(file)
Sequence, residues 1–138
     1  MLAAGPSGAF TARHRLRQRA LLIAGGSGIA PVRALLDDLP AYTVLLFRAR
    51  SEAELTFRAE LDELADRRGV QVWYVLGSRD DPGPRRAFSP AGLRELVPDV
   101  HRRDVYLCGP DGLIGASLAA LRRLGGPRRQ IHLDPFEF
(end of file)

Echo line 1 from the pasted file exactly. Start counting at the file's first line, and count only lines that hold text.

Sequence, residues 1–138